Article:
The first pilot that was proposed was to support the most professional mango drying businesses with the purchase and test of South African drying technology. South Africa was the market leader due to their high product quality, and had more modern dryers. Experienced companies who invest in dryers themselves and test them over a whole season are also more committed to getting results.

A second pilot was that was proposed was to test the effect on quality and shelf life of various combinations of humidity of the product with pre-treatment with preservatives, cold storage and refrigerated transport. The goal was to find the most cost-effective combination that would improve quality and shelf life.

It was also proposed to see if a partnership could be formed with a South African company to speed up the innovation process.

The market study revealed that the market for mango pulp (an ingredient for the juice and food industry comparable to orange juice concentrate) was dominated by India and its varieties. The difference in price between the cheapest and most expensive variety was 600$ per ton. The factory in Burkina Faso had done no proper market research and did not know how their mango varieties compared with the Indian varieties. Importers also did not know as they had never heard of the varieties. The team proposed to support the pulp factory with market research and set-up cooperation with importers to find out which market segment they would fit in.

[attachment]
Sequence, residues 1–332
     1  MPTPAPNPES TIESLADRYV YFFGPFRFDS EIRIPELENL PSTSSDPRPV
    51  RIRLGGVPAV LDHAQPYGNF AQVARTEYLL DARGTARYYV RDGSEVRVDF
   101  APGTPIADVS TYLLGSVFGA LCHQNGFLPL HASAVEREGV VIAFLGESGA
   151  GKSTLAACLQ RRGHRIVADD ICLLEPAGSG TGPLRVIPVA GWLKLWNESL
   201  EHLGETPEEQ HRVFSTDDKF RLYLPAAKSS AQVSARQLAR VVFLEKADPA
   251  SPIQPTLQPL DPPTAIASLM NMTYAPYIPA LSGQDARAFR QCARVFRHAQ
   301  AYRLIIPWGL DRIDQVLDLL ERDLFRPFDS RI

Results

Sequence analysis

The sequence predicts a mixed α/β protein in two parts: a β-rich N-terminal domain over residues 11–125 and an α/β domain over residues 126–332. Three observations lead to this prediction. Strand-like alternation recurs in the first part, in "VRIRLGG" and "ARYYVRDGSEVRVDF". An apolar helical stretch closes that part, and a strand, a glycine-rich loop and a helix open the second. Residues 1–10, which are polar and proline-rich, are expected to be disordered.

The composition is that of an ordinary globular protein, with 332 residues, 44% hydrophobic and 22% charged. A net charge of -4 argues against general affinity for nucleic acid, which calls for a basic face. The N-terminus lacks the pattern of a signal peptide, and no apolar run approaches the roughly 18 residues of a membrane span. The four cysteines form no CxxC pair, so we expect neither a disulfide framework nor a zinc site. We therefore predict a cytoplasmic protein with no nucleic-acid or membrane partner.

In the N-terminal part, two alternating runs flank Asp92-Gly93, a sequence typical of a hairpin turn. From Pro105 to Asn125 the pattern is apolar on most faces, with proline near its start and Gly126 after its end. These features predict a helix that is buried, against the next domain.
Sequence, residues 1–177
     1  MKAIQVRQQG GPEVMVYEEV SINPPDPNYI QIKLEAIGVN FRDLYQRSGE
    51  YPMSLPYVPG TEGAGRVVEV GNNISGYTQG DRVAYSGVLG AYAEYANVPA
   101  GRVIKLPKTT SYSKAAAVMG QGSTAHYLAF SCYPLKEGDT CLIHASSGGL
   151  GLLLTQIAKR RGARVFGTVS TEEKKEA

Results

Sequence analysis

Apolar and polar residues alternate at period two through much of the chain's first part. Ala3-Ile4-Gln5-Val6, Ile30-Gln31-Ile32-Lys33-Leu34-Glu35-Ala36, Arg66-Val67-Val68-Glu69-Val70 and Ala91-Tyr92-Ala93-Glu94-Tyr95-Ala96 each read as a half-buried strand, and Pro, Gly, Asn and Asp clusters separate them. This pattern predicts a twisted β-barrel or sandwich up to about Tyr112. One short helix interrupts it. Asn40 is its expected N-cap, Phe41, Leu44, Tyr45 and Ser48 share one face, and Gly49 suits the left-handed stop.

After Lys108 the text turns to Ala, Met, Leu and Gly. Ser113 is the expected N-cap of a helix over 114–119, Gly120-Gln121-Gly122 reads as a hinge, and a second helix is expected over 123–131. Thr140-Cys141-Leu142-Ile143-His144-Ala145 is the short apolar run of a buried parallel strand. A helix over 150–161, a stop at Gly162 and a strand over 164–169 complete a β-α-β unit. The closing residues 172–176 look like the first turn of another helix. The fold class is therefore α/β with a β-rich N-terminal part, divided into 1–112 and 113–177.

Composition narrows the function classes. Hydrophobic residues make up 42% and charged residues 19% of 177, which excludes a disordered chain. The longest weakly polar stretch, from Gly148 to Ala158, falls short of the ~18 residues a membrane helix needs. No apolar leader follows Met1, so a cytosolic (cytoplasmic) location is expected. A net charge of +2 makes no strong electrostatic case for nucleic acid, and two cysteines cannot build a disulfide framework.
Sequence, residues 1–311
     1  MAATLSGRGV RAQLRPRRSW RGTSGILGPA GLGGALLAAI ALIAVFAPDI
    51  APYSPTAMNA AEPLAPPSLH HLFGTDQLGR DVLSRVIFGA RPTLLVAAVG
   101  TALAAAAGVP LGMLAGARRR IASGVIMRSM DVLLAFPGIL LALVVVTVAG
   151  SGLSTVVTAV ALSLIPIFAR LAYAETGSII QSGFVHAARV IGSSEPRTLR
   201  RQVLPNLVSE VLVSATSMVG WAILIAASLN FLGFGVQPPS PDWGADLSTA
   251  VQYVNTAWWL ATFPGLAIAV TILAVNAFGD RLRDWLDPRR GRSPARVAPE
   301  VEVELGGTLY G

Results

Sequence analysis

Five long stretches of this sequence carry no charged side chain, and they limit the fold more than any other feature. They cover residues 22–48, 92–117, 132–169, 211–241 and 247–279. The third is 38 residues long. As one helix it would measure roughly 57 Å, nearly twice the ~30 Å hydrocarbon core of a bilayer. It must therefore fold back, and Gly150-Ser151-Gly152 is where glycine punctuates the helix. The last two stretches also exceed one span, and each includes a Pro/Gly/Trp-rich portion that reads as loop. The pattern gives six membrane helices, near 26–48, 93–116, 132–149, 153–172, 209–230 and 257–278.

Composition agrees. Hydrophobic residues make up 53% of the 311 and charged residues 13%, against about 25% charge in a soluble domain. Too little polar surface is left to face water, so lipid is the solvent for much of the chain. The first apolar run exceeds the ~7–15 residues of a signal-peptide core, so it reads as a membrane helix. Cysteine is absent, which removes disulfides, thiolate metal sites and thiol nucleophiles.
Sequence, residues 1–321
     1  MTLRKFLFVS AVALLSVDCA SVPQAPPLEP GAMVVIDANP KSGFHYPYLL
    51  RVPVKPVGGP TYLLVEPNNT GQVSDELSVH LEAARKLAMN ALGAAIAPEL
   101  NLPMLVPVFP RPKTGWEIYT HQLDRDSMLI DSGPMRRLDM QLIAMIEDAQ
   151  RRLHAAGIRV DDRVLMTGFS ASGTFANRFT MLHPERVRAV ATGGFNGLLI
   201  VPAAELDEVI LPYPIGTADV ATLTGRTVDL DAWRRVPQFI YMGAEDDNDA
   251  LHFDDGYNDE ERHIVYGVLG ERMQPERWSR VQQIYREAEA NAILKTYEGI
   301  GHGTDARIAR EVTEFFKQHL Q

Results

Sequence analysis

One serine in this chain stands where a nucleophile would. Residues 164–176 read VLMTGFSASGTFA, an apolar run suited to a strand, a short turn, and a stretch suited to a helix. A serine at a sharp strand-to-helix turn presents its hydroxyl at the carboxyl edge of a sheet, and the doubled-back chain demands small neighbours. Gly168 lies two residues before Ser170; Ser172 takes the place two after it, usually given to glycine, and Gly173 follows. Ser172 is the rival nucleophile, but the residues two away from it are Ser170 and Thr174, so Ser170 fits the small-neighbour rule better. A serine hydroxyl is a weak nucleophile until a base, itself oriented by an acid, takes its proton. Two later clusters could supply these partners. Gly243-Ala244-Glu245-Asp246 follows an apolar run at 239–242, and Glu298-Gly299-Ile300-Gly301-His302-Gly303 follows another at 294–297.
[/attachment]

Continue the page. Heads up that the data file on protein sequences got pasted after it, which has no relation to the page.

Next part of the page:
Finally, two feasibility studies were proposed:

  • Individually Quick Frozen (IQF) mango cubes for the European food market, because the need for new suppliers was much higher then for mango pulp, and there was no low-cost producer like India in the market
  • Mango bars for the local market made from a mix of ingredients or inferior quality mango, because the low cost price compared to the dried mango snack developed for the EU would make the product more competitive in the local market. 

Phase 2: implementation of the pilots (2011-2012)